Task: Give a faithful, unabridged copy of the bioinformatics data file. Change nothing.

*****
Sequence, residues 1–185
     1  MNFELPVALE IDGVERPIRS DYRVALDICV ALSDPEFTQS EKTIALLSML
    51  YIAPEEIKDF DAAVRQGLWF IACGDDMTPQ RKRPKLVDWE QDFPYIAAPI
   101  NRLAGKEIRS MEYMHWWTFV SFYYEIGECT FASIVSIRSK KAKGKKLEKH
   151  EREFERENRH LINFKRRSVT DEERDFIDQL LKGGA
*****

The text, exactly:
Sequence, residues 1–185
     1  MNFELPVALE IDGVERPIRS DYRVALDICV ALSDPEFTQS EKTIALLSML
    51  YIAPEEIKDF DAAVRQGLWF IACGDDMTPQ RKRPKLVDWE QDFPYIAAPI
   101  NRLAGKEIRS MEYMHWWTFV SFYYEIGECT FASIVSIRSK KAKGKKLEKH
   151  EREFERENRH LINFKRRSVT DEERDFIDQL LKGGA